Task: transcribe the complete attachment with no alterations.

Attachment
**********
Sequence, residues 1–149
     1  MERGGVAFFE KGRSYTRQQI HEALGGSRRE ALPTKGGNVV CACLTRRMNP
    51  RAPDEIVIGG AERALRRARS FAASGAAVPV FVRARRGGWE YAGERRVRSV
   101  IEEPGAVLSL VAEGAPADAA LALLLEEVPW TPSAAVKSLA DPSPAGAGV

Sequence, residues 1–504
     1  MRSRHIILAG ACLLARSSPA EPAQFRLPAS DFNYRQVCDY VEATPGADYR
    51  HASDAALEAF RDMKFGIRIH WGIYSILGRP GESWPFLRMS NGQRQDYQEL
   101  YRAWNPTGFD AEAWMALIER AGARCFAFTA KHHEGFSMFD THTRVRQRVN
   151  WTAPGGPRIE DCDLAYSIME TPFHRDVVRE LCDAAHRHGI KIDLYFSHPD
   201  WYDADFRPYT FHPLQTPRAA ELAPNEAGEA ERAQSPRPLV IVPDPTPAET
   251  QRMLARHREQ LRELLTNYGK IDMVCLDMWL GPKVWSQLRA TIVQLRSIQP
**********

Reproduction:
Sequence, residues 1–149
     1  MERGGVAFFE KGRSYTRQQI HEALGGSRRE ALPTKGGNVV CACLTRRMNP
    51  RAPDEIVIGG AERALRRARS FAASGAAVPV FVRARRGGWE YAGERRVRSV
   101  IEEPGAVLSL VAEGAPADAA LALLLEEVPW TPSAAVKSLA DPSPAGAGV

Sequence, residues 1–504
     1  MRSRHIILAG ACLLARSSPA EPAQFRLPAS DFNYRQVCDY VEATPGADYR
    51  HASDAALEAF RDMKFGIRIH WGIYSILGRP GESWPFLRMS NGQRQDYQEL
   101  YRAWNPTGFD AEAWMALIER AGARCFAFTA KHHEGFSMFD THTRVRQRVN
   151  WTAPGGPRIE DCDLAYSIME TPFHRDVVRE LCDAAHRHGI KIDLYFSHPD
   201  WYDADFRPYT FHPLQTPRAA ELAPNEAGEA ERAQSPRPLV IVPDPTPAET
   251  QRMLARHREQ LRELLTNYGK IDMVCLDMWL GPKVWSQLRA TIVQLRSIQP